Petkeen is reader-supported. When you buy through links on our site, we may earn an affiliate commision. Learn More


Brooke Billingsley

June 18, 2021


Height 13-20 inches
Weight 20-60 pounds
Lifespan 12-15 years
Colors White, cream, brown, black, brindle, pied, tricolor
Suitable for Active households, large fenced yards, sporting events
Temperament Happy, exuberant, active, protective, independent

The Bullwhip is a designer breed that is a mix between a Whippet and a Bulldog. This cross-breeding results in a dog that is less delicate and more protective than a Whippet, but more agile and active than a Bulldog. These dogs make great sporting dogs for activities like agility, lure coursing, and flyball, but they’re usually up for almost any activity, including hiking, bikejoring, and running. If you’ve been looking for a medium-sized, highly active dog, the Bullwhip might be a great fit for your lifestyle.

It’s important to understand that these dogs require thorough training and socialization to prevent behavioral issues, like aggression. They are strong-willed and will do best with an experienced dog owner who is willing and able to put a significant amount of time into meeting their needs. With proper training and socialization, Bullwhips can make great family dogs in homes with children that have been taught proper interaction with dogs. For a challenging dog that’s protective and active, here are the things you need to know about Bullwhips!


Bullwhip Puppies – Before You Buy…


What’s the Price of Bullwhip Puppies?

Bullwhip puppies may be difficult to come by since they are not a popular designer breed, but you will likely find one for a very affordable price. They usually run between $200-800, unless you are trying to purchase one from a pet shop.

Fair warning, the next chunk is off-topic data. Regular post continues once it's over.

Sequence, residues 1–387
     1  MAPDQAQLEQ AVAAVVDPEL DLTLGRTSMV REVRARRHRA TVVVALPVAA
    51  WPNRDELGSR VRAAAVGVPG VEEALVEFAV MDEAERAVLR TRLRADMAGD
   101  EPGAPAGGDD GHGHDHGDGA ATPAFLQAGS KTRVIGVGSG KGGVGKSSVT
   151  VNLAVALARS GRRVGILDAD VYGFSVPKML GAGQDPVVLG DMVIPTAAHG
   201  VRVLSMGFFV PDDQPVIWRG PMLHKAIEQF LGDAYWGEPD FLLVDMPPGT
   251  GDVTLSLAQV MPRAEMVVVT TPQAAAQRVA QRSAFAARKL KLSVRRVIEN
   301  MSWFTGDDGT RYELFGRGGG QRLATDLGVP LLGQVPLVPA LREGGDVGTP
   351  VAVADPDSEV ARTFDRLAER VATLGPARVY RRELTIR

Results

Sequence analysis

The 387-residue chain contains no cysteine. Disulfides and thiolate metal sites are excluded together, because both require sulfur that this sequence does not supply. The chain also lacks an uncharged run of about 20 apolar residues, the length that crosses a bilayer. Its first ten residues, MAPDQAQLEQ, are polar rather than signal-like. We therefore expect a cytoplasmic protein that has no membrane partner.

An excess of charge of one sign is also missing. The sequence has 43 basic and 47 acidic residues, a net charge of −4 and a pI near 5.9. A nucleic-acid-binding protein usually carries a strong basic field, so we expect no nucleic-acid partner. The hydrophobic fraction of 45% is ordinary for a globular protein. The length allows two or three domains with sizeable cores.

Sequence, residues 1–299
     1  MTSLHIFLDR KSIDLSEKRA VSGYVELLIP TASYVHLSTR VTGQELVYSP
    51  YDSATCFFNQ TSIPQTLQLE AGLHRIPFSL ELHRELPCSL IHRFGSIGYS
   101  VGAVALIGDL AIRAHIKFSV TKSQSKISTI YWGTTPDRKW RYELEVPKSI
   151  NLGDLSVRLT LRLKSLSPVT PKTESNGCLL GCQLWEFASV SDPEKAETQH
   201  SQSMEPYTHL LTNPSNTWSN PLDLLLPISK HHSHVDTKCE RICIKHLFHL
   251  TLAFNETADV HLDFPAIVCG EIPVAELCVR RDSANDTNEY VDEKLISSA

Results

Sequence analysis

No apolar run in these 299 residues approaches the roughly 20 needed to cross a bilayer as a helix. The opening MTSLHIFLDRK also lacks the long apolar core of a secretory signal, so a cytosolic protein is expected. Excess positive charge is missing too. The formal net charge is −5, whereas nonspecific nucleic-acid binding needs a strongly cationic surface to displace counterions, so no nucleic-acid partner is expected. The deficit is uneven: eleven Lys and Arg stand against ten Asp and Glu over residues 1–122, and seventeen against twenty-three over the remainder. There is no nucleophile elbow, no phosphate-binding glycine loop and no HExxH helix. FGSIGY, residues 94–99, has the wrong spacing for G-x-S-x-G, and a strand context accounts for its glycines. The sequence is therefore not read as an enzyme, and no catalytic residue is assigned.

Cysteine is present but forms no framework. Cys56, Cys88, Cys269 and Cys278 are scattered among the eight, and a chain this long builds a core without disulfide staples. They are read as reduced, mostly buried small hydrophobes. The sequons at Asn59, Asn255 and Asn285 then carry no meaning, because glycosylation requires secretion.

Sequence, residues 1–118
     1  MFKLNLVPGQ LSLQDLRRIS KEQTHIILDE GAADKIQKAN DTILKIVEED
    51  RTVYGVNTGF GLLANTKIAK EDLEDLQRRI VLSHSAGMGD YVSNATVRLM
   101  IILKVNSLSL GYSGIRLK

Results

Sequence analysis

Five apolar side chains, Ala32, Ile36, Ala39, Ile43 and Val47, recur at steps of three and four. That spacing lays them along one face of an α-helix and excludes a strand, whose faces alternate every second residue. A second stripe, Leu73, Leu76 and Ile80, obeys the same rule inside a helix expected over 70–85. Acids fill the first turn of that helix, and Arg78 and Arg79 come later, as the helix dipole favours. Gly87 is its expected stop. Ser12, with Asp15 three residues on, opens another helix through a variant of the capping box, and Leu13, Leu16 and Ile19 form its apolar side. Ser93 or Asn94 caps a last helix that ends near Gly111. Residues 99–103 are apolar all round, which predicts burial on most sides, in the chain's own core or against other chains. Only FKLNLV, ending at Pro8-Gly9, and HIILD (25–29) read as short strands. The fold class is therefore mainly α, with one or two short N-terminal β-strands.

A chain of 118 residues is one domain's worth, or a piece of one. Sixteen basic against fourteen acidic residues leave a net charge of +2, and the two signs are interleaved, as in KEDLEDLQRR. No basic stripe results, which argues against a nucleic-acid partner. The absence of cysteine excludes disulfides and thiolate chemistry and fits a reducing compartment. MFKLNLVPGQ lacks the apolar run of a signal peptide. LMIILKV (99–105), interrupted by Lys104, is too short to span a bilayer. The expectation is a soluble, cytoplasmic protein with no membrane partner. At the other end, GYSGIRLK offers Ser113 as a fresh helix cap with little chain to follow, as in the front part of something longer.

It’s extremely important to ensure you are purchasing a healthy puppy from health-tested parents and a responsible breeder. When possible, visit the breeding facility and ask to see the parents. Look for signs of puppy mills, like breeding more than 2-3 breeds of dog, multiple buildings on the property, and a strong smell of feces and urine. These are red flags and you should not purchase a puppy from this breeder.

3 Little-Known Facts About the Bullwhip


  • Bulldogs were bred for bull baiting

The Bulldog was initially bred in the 1500-1600s for bull baiting, which was a blood sport involving chained bulls being pitted against dogs. There was no practical use for this blood sport, and it is now illegal. After bull baiting became illegal, breeders began breeding Bulldogs into friendlier, more sociable dogs that remained loyal and brave.

  • Whippets were bred for hunting

In the 1700s, the lithe Whippet was bred for hunting small animals. They were commonly used to hunt rabbits and other small animals. Whippets are sighthounds, which means they hunt by sight and not by scent. Whippets are no longer used as hunting dogs, but they still have their sighthound instincts. They love to run, are prone to chasing small animals, and enjoy being couch potatoes when they’re not running.